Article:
I wired the on board charge controller (+USB to CHG, battery + to VBAT) and it looks like it started charging my battery(used my 850 mAh battery from my old Samsung cell phone). I also wired the two on-board LEDs (BLED and RLED). They give you info on if it is connected, waiting for connection or charging. I will keep you all posted on how it works over time.

silentbogo (author)DadaSauce2014-09-07

Cool! I rewired my charging loop too. Seems to work fine. I'm also trying to figure out how to utilize serial connection, because I still have enough space there for an Arduino Pro Mini :)
The only thing I need to do is to make a small PCB to surface-mount this module. Soldering wires directly seems to ruin it more and more.

Giga93 (author)silentbogo2014-11-17

Hi, i just got the BLK-MD-SPK-B and I want to use the charge function, I want to use an old phone battery and I want to charge it trough mini or micro usb. Can i connect the 5V usb supply power to CHG? or do i have to use a resistor? I couldnt find a datasheet only thing I found: operating voltage is beween 2,7V-4,5V.

And i read that it is possible to change the bluetoothname and pin by connection the module TXD RXD pins to a serial adapter. Is there a way to change it over bluetooth?

genetic inception (author)Giga932015-05-28

also, txd n rxd are transmit n receive so blue tooth device can be wireless: smart tv; sync audio light show, etc... Not everything is Bluetooth yet.

genetic inception (author)Giga932015-05-28

no, programming can only be done serial to computer

DadaSauce (author)silentbogo2014-09-07

My battery (850 mAh) got charged overnight through the module, and it kinda agrees with the module chip - OCV 3860 - specs (10-150 mA programmable charge current).

For the soldering, I cannot agree more. Actually I'm right now making the PCB as I want to implement the volume control and a few other perks on the module into my headphones.

This guy was nice enough to make the Eagle library and share it online:

http://waihung.net/bluetooth-audio-blk-md-spk-b-ea...

how do you wire the rled n bled indicator lights?

DadaSauce (author)silentbogo2014-09-05

Try these from Ebay,

http://www.ebay.com/itm/121410081227?_trksid=p2059...

or if you can wait longer you can get them dirt cheap from Aliexpress:

http://www.aliexpress.com/item/2pcs-lot-1A-dedicat...

genetic inception (author)2015-05-14

Thanks, everything seemed difficult so I had to work slowly. in the end, everything seemed simple to do. I did connect the on/off switch on the positive for the amp and the charger, this wasn't correct, but their was no feedback. Must be on to charge.

I re-soldered the battery pos/neg direct to the charger: Now I can charge the battery with the system off, but there is feedback when amp is on while charging. Basically, either listen or charge.

I already bought the amp so I connected it, however it is overkill and the duality of it is either headphones at low vol setting or party speaker system.

My bluetooth has not come in yet, still waiting on DX.

AspireGreatness (author)2014-11-10

Could someone show me where to get some of these supplies online, or a store I can find some of these things at?

I get my parts from DX.com

They have free international shipping and so far I had no problems with these guys.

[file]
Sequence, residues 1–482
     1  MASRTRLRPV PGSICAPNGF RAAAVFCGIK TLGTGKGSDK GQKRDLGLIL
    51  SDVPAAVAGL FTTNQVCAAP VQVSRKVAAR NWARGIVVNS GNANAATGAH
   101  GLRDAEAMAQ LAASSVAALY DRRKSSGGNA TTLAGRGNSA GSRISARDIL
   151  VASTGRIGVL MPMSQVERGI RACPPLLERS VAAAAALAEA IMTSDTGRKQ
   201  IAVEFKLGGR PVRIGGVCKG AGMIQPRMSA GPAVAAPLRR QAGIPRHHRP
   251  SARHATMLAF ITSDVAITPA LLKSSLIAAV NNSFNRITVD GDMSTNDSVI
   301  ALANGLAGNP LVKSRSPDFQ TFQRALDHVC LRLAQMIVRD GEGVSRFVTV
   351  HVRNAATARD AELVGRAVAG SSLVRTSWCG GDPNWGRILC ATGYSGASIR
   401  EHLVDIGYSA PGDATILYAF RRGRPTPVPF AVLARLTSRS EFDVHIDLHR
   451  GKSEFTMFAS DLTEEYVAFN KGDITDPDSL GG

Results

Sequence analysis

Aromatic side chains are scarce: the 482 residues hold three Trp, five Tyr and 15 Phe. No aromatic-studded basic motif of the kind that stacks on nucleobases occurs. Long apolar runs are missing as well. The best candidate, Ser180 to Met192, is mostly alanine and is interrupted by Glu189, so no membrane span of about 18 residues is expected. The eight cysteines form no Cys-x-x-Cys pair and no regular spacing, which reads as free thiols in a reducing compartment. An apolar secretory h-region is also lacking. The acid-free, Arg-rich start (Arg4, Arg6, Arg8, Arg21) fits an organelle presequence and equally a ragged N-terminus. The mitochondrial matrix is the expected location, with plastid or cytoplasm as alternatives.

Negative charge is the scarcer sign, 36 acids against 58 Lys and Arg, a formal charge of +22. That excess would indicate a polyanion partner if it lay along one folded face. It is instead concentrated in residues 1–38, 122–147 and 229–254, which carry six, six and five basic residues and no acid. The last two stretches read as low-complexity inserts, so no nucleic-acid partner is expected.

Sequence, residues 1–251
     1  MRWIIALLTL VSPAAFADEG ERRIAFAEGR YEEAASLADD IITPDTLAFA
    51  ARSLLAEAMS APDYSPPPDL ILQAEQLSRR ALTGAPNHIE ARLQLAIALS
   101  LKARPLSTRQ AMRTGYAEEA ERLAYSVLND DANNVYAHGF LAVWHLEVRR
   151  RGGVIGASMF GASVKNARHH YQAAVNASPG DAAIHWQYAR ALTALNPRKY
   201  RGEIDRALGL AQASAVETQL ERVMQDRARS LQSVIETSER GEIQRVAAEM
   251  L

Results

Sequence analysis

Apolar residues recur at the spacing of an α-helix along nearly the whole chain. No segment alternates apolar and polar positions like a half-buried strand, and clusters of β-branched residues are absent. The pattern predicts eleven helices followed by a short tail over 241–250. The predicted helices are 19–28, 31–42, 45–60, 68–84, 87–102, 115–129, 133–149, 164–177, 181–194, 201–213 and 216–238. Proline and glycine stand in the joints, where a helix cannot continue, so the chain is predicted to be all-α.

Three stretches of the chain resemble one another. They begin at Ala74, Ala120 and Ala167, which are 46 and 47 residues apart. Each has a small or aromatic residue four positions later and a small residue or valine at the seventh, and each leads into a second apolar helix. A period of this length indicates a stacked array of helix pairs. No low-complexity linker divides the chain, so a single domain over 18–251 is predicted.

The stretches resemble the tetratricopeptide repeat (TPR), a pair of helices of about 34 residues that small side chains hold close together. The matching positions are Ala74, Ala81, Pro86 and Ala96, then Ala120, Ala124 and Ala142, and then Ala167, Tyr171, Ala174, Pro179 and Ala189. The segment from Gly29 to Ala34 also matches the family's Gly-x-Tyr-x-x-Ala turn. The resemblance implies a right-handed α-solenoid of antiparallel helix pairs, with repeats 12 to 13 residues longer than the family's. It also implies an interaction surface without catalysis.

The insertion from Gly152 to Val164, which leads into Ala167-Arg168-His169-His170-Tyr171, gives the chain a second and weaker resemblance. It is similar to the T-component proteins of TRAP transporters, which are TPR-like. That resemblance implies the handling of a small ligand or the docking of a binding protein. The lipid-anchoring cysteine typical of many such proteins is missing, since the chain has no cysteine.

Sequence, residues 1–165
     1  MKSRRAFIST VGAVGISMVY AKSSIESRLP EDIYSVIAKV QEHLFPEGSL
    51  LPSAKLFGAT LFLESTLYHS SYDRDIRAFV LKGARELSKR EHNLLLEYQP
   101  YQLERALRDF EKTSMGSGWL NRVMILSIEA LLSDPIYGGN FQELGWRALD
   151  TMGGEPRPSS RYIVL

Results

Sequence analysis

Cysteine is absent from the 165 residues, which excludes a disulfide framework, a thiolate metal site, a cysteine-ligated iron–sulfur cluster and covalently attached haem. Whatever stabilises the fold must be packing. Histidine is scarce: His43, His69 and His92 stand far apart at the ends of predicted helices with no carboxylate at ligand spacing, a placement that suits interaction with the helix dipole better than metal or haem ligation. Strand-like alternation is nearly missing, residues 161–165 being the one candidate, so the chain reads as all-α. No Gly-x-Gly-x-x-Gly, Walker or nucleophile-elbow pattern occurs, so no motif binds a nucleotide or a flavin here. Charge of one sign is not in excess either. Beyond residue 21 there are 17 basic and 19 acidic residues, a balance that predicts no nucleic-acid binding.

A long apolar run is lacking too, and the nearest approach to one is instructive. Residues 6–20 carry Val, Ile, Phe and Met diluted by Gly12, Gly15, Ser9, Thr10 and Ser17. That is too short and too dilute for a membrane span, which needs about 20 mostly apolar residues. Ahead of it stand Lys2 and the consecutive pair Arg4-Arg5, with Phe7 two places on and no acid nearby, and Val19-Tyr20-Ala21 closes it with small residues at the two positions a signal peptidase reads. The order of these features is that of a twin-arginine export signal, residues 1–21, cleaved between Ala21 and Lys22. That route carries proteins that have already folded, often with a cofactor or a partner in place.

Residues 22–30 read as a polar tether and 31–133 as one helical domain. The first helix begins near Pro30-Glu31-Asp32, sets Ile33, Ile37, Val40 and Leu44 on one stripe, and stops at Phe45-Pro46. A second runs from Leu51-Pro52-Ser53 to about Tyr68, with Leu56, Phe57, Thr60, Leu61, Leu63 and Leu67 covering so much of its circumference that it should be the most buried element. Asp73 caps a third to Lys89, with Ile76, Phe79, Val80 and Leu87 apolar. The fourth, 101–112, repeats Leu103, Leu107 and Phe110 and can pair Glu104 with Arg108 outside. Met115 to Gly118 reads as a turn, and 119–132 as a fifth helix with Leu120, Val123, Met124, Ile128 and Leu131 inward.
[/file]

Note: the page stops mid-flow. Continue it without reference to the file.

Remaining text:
Shipping usually takes ~3-5 business days in US and Canada and no more than 3 weeks for Europe and others.

Where are you from?

dxsoul.com also has good shipping and parts.

I've been buying parts from DX for over 6 years now. Probably one of the best asian suppliers out there ))

So, two days ago, I found that amazon had everything I needed, tried to order, one of the modules along with all the capacitors will not ship to Hawaii, tried other types of capacitors, still no dice. Very strange?

You can order capacitors from Digikey or Newark. It will be much cheaper.

As a last resort you can go to radioshack.

The US. So it should be quick, then?

In US you actually have a lot more options: Radioshack, DigiKey etc.

Plus you can order original stuff from adafruit and others!

Oh, that's pretty awesome! And also, for the project, I can/should remove all the original wiring? I don't know how to get into the speaker to put in new wires, they are Sennheiser HD 419's, if that's helpful to help.

419 are pretty much the same, except they already have wiring between speakers. All you need to do is remove the audio cable and attach speaker wires to Bluetooth module instead. The rest is very similar.

Oh, I already removed all the wiring because it was screwed up anyways :T I'll just have to rewire it then, thank you for the help though! I'll probably be back with more questions

jackal0206 (author)2014-10-13

I tried to make this too, ran into some issue, if anyone could provide some advice it'd be appreciated. I have everything hooked up, when I turn the power on I can hear the power on tone loud and clear, so does when I connect and disconnect my phone to it. However, when I music playback on my phone through bluetooth, the sound comes out choppy and has a lot of static noise. Any idea what might be wrong and how I could debug this?

silentbogo (author)jackal02062014-10-14

Make sure your ground connection is not loose and that it is connected properly(see pinout on Step 5).

jackal0206 (author)silentbogo2014-11-06

Thanks for the help. I have identified the problem, I think I got a broken module. However, now that I have replace the module, while idling I can hear a constant high pitch noise coming out. Does anyone have the same issue?

silentbogo (author)jackal02062014-11-07

I have this for only 4-5 seconds, before headset goes to waiting mode.

If it's presistent - check the ground connection once again.

jackal0206 (author)silentbogo2014-12-15

I discovered something interesting, but I can't explain why. I have a 12v power supply split to feed a amplifier and a 12V to 3.7V voltage regulator based on LM317, then 3.7V to feed the Bluetooth module. The module's audio output then goes into the amplifier's input. This is the configuration where I get a lot of noise from the Bluetooth module. if instead of splitting the 12V input, I run the amplifier on 12V input while running the Bluetooth module on a 3.7V power supply, the sound is clear and there's no static noise while the system is idling. I am thinking sharing a power rail is what caused the noise, but I don't have the background knowledge to explain why.